Making yourself too small can lead to you being crowded onto. Claim your space confidently and you’ll be okay.

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16. Everything Takes Some Getting Used To

The city is loud, expensive, and very fast-paced. All of this at once can be a bit overwhelming, but embracing it as a whole can lead to feelings of fulfillment not disappointment.

17. When it all Seems like too Much, walk the Waterloo Bridge

This will take you away from the crowds and the noise, and will show you exactly why you made the decision to move to London in the first place.

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Sasha Brown

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Last Updated on March 13, 2019

How to Get out of a Rut: 12 Useful Ways to Get Unstuck

How to Get out of a Rut: 12 Useful Ways to Get Unstuck

Have you gotten into a rut before? Or are you in a rut right now?

You know you’re in a rut when you run out of ideas and inspiration. I personally see a rut as a productivity vacuum. It might very well be a reason why you aren’t getting results. Even as you spend more time on your work, you can’t seem to get anything constructive done. While I’m normally productive, I get into occasional ruts (especially when I’ve been working back-to-back without rest). During those times, I can spend an entire day in front of the computer and get nothing done. It can be quite frustrating.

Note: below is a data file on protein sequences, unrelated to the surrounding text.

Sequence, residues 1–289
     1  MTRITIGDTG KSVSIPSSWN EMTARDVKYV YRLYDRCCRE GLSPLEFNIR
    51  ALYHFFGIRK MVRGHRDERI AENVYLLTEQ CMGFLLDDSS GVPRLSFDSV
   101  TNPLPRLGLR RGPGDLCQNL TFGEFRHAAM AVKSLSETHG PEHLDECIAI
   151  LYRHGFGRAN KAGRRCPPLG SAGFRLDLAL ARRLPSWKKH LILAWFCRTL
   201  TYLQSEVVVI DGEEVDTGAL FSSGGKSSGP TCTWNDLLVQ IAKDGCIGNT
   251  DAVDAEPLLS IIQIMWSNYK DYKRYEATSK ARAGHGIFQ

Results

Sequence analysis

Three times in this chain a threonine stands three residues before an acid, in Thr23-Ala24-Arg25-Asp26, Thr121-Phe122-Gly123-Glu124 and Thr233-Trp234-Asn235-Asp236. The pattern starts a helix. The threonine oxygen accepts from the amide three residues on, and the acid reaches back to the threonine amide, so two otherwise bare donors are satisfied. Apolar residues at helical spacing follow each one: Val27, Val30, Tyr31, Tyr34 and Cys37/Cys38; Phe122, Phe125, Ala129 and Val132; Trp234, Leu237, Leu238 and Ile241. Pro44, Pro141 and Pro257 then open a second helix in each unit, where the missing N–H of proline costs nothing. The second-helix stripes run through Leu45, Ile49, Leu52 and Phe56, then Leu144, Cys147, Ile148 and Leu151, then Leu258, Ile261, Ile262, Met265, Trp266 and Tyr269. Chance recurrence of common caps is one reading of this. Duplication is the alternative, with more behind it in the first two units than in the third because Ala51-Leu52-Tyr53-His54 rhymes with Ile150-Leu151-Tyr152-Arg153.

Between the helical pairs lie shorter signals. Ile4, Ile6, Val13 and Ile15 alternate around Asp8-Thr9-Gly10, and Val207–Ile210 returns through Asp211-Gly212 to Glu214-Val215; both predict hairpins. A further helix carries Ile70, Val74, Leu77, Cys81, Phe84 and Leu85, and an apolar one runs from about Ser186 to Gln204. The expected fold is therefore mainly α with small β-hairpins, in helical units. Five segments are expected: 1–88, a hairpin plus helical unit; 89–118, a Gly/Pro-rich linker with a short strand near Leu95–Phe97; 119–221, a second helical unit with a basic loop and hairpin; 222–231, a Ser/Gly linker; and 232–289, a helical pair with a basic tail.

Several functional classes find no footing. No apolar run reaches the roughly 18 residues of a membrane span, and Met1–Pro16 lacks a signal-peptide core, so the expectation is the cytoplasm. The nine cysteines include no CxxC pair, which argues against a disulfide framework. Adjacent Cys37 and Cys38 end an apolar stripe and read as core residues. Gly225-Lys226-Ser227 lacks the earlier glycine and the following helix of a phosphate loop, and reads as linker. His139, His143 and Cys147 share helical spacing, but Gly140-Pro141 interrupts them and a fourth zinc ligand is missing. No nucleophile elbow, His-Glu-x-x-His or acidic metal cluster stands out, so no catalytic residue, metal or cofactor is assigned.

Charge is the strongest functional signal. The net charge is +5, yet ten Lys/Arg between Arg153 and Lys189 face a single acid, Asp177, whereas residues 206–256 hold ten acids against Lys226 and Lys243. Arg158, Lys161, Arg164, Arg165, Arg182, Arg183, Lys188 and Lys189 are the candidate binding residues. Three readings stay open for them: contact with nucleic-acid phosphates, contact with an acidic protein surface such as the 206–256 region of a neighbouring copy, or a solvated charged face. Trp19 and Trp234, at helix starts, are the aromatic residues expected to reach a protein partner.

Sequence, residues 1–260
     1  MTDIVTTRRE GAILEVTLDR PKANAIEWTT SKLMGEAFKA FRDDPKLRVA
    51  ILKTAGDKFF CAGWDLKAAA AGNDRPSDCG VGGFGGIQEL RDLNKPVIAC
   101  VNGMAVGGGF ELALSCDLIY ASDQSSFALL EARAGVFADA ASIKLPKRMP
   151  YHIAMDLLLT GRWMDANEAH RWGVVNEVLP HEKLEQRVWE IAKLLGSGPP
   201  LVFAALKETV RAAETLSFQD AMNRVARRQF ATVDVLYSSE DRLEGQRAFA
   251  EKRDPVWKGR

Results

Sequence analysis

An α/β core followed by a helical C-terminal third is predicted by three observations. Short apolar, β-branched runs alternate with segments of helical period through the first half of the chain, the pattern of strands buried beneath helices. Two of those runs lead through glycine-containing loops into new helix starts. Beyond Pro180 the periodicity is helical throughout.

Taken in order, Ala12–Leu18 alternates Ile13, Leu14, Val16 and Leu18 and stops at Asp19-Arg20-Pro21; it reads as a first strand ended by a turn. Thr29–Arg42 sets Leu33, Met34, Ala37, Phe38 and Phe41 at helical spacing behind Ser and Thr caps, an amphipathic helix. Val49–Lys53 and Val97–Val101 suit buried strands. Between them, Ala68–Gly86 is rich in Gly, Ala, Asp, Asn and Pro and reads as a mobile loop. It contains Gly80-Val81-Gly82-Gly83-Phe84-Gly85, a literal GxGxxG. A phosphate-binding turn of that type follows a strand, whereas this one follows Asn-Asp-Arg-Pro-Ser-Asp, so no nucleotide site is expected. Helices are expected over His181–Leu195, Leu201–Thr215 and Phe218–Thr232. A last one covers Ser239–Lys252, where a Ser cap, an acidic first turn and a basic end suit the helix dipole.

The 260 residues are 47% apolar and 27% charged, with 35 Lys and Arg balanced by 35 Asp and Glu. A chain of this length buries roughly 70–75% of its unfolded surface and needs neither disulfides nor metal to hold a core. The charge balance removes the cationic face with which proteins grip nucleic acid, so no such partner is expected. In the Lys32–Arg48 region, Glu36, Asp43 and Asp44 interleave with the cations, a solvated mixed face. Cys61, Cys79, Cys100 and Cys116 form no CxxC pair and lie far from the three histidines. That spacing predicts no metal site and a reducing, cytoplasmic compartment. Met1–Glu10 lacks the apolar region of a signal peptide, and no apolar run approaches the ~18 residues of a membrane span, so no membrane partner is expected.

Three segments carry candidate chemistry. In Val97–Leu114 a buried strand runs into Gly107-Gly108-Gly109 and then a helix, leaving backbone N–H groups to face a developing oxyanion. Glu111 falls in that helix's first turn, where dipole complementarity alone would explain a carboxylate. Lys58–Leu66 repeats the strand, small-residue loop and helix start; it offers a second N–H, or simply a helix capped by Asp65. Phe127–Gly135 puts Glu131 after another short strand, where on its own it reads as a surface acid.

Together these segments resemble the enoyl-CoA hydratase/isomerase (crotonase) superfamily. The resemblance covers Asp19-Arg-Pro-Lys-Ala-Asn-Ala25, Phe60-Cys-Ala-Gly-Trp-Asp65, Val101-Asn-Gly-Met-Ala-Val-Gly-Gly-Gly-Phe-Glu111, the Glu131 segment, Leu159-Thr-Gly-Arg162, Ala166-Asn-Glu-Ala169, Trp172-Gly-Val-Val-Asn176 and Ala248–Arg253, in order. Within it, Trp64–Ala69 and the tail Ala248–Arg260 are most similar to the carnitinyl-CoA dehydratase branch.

Over time, I have tried and found several methods that are helpful to pull me out of a rut. If you experience ruts too, whether as a working professional, a writer, a blogger, a student or other work, you will find these useful. Here are 12 of my personal tips to get out of ruts:

1. Work on the small tasks.

When you are in a rut, tackle it by starting small. Clear away your smaller tasks which have been piling up. Reply to your emails, organize your documents, declutter your work space, and reply to private messages.

Whenever I finish doing that, I generate a positive momentum which I bring forward to my work.

2. Take a break from your work desk.

Get yourself away from your desk and go take a walk. Go to the washroom, walk around the office, go out and get a snack.

Your mind is too bogged down and needs some airing. Sometimes I get new ideas right after I walk away from my computer.

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3. Upgrade yourself

Take the down time to upgrade yourself. Go to a seminar. Read up on new materials (#7). Pick up a new language. Or any of the 42 ways here to improve yourself.

The modern computer uses different typefaces because Steve Jobs dropped in on a calligraphy class back in college. How’s that for inspiration?

4. Talk to a friend.

Talk to someone and get your mind off work for a while.

Talk about anything, from casual chatting to a deep conversation about something you really care about. You will be surprised at how the short encounter can be rejuvenating in its own way.

5. Forget about trying to be perfect.

If you are in a rut, the last thing you want to do is step on your own toes with perfectionist tendencies.

Just start small. Do what you can, at your own pace. Let yourself make mistakes.